Have the joints in your hands felt tender or swollen lately? You may be one of the 1.5 million Americans who has rheumatoid arthritis. Christi M. Kenyon, MD -- a rheumatology specialist in Seattle -- helps her patients manage their symptoms, so their condition doesn’t dominate their life. Diagnosing this type of arthritis early on can prevent damage to your joints, tissues, and organs later in life. If you think you may have rheumatoid arthritis, call Dr. Kenyon today or request an appointment online.
Rheumatoid arthritis is a chronic inflammatory disorder that affects the lining of your joints. This type of arthritis causes painful swelling that can eventually result in bone erosion and joint deformity.
The signs and symptoms of rheumatoid arthritis can vary in severity, and come and go in flares. A flare is a period when you experience increased disease activity, which then alternates with a period of remission when your symptoms fade or disappear. Common symptoms of rheumatoid arthritis include:
In the earlier stages of the disease, rheumatoid arthritis tends to affect your smaller joints, like the ones in your fingers and toes.
As the condition progresses, it spreads to your wrists, knees, ankles, elbows, hips, and shoulders. Usually, you experience the same symptoms in the same joints on both sides of your body.
Eventually, rheumatoid arthritis can cause your joints to deform and shift out of place.
Unfortunately, there isn’t one single test for diagnosing rheumatoid arthritis. Confirming the diagnosis can require multiple tests. Dr. Kenyon uses various resources to determine if you are suffering from the chronic condition.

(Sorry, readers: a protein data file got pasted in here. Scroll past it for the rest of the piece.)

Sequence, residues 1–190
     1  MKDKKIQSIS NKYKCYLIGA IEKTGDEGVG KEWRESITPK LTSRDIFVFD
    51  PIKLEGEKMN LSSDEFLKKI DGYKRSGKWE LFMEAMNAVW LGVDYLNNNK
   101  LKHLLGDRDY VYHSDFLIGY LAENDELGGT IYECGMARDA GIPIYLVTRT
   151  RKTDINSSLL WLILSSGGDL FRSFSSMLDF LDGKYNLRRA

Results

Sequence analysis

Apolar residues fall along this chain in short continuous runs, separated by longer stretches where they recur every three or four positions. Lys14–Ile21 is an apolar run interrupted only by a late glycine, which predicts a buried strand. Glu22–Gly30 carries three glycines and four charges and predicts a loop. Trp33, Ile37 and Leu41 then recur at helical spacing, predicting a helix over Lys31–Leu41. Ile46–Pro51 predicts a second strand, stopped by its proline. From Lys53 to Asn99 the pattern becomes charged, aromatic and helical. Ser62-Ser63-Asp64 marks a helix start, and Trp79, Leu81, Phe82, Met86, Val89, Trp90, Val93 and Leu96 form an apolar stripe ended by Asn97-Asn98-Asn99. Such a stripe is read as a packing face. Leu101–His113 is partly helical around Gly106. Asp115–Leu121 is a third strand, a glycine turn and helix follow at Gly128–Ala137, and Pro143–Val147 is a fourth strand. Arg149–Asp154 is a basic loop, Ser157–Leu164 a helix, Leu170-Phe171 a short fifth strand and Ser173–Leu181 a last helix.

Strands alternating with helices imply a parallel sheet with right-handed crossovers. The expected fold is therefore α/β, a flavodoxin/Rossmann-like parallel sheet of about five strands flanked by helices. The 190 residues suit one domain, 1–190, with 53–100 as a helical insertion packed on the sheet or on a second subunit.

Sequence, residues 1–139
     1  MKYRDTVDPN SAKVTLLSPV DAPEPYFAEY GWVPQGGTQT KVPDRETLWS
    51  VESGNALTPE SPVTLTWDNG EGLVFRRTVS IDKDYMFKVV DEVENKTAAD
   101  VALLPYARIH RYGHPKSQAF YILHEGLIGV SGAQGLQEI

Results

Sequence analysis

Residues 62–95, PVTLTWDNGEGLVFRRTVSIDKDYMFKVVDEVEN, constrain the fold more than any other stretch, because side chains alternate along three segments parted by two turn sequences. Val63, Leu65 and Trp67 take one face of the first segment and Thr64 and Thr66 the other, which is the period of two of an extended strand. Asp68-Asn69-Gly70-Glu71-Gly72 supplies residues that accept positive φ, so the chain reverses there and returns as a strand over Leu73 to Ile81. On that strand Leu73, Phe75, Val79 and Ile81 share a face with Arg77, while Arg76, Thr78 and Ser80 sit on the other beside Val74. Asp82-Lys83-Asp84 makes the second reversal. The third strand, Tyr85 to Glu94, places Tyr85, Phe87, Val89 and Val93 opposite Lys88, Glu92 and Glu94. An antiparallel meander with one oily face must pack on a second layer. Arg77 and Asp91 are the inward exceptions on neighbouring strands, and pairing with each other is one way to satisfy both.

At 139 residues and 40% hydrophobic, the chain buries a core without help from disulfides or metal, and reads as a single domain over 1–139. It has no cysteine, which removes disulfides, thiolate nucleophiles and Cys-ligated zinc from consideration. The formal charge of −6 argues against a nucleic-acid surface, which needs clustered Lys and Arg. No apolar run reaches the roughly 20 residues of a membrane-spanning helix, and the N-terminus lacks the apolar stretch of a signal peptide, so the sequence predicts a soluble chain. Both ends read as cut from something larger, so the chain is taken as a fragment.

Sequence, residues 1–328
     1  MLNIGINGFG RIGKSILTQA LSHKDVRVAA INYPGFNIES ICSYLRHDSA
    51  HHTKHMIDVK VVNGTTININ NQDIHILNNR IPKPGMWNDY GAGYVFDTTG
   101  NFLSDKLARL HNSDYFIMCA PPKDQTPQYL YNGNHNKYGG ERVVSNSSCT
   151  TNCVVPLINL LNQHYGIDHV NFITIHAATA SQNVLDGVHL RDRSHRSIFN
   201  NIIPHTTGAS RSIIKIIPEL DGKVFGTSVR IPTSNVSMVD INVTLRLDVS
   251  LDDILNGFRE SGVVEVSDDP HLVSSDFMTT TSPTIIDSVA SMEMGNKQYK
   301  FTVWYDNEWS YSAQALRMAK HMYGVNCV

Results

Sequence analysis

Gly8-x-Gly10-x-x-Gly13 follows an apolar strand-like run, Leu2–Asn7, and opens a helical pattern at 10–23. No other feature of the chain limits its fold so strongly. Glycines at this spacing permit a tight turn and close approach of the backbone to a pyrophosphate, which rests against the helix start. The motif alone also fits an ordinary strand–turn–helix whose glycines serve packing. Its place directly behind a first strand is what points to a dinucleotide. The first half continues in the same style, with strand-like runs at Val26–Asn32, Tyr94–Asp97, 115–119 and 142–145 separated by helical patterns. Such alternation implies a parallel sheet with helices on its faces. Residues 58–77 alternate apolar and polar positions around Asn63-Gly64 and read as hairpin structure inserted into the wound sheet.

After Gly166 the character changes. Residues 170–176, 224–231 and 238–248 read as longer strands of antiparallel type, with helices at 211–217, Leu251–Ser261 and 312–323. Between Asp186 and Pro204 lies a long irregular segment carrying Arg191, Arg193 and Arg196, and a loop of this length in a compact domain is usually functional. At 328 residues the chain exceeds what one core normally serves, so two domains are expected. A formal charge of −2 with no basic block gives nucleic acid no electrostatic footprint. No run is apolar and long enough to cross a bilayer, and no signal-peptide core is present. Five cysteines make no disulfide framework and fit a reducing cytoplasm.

First, Dr. Kenyon discusses your symptoms and medical history before performing a physical exam of your joints. She checks for swelling, redness, and warmth in your joints, and she will test your reflexes and muscle strength.
Next, Dr. Kenyon runs a blood panel to check for substances such as a specific type of antibodies or elevated levels of acute phase reactants. Their presence indicates your body is suffering from inflammatory conditions and supports a diagnosis of rheumatoid arthritis.
Other imaging tests Dr. Kenyon may request include:
Although rheumatoid arthritis has no cure, Dr. Kenyon can design a treatment plan to manage your symptoms. The medications Dr. Kenyon recommends are determined by the severity of your symptoms, as well as how long you've had rheumatoid arthritis.
Common medications she may prescribe include:
Commonly called NSAIDs, these medications relieve pain and reduce inflammation.
These medications reduce inflammation and pain and slow joint damage.
Sometimes abbreviated as DMARDs, these drugs can slow the progression of the disease and save your joints and tissues from permanent damage.
Biologic agents, such as antibodies or vaccines, target parts of your immune system that trigger the inflammation that causes joint and tissue damage.
Dr. Kenyon may recommend that you visit a physical or occupational therapist so you can learn specific exercises to keep your joints flexible. You’ll discover how to execute daily tasks in a manner that's less likely to affect your joints. She may also suggest home remedies and dietary changes to help manage your condition.
Regardless of your situation, Dr. Kenyon takes the time to sit down and discuss the best treatment plan for you and your lifestyle. Treatments for rheumatoid arthritis work best when the condition is diagnosed early.
If you think you have rheumatoid arthritis, don’t wait. Call Dr. Kenyon today or request an appointment online to come in for a consultation.